Preparation

Break students into groups of approximately four students. Give students the primary sources at the end of this document. Tell the students that they must use the primary sources, just like historians do, to figure out what happened on April 19, 1775 and specifically to answer the
question, “What was Colonel James Barrett’s role on April 19, 1775?” Each of the primary sources has clarifying questions at the end to help guide the students in their interpretation of the source. Also, please suggest to students that they use the following questions as a guide to determine Colonel Barrett’s role.

  1. What did Colonel Barrett do before April 19, 1775?
  2. What did Colonel Barrett do on April 19, 1775?
  3. What happened on Colonel Barrett’s farm before April 19, 1775?
  4. What happened on Colonel Barrett’s farm on April 19, 1775?

Materials

A list from the Provincial Congress of military supplies under the supervision of Colonel James Barrett.

Download Primary Source 1: List of Military Supplies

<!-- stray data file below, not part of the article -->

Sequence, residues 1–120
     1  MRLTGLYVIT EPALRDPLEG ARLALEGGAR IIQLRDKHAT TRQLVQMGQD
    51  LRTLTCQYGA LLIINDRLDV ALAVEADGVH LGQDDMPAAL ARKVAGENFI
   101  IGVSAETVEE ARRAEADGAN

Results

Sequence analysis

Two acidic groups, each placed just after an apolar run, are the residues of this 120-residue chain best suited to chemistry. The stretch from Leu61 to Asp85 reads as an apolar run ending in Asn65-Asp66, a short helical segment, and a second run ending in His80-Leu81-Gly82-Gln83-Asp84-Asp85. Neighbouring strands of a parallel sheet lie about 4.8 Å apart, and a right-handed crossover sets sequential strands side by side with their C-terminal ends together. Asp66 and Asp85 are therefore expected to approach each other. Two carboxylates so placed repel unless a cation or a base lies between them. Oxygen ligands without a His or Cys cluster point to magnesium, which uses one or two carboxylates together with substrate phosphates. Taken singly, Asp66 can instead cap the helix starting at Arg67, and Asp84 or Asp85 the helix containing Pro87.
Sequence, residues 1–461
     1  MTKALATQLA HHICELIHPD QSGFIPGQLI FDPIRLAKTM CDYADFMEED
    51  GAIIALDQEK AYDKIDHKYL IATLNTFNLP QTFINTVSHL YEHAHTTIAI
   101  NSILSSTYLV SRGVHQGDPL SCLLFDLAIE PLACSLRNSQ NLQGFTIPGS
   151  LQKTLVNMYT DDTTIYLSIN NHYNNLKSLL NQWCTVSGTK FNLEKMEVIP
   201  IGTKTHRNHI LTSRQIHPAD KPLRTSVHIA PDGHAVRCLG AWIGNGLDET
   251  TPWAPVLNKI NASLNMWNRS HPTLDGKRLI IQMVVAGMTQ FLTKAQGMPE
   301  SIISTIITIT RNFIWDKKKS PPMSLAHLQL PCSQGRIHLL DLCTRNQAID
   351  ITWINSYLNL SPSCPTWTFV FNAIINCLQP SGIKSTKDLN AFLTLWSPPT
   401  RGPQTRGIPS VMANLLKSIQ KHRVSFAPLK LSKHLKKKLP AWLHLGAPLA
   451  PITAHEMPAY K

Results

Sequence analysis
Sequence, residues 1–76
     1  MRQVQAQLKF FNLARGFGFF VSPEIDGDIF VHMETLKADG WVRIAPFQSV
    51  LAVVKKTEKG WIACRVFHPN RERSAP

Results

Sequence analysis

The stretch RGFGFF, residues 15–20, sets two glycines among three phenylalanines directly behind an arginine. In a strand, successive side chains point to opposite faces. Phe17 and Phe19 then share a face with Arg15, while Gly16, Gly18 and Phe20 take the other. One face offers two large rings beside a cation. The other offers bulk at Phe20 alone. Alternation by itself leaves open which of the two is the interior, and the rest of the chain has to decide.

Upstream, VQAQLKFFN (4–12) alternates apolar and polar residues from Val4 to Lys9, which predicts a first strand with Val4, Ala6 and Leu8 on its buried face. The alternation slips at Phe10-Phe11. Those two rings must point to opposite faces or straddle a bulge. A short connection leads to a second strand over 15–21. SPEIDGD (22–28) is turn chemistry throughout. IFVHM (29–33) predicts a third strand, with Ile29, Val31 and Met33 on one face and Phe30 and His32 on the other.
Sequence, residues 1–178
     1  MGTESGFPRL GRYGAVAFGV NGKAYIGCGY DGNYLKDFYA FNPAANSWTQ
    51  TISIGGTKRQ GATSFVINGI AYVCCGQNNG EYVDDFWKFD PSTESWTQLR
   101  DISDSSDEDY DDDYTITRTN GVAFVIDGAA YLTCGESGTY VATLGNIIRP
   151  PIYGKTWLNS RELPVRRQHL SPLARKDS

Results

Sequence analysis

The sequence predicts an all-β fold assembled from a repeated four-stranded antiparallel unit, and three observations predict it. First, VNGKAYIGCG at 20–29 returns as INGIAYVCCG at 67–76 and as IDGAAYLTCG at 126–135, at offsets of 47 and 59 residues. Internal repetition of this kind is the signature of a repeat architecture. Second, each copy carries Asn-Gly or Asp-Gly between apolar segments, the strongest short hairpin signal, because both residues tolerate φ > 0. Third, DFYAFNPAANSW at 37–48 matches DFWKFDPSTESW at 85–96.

This is the draft of the orders from General Thomas Gage to Lieutenant Colonel Francis Smith regarding the mission to Concord.

Download Primary Source 2: Draft of orders from General Gage

These are the actual orders given from General Gage to Lieutenant Colonel Francis Smith

Download Primary Source 3: Actual orders given from General Gage to Lieutenant Colonel Francis Smith

This is the account of a young British officer regarding the defense of North Bridge and the march to Colonel Barrett's farm.

Download Primary Source 4: Account of Ensign Henry DeBerniere

This is a sworn deposition given by James Barrett regarding the fighting at Concord's North Bridge

Download Primary Source 5: Deposition of Colonel James Barrett

In 1825, the town of Lexington took new depositions from ten surviving participants of April 19, 1775. These depositions were included in The Battle of Lexington by Elias Phinney. The main purpose of the work was to disprove Concord's claim that the first active resistance to the British soldiers was at the North Bridge and show what an important role the Lexington militia had in the events of the day. The town of Concord countered Phinney's work with A History of the Fight at Concord by Ezra Ripley. Ripley included four new depositions from surviving Concord participants in the battle and used them to prove the first true resistance of the day came in Concord.

Download Secondary Source 1: Ezra Ripley

Excerpt is based on an interview done by Shattuck with Mary Prescott Barrett in 1831. She married Col. Barrett's son Peter and was not present at the farm on April 19, 1775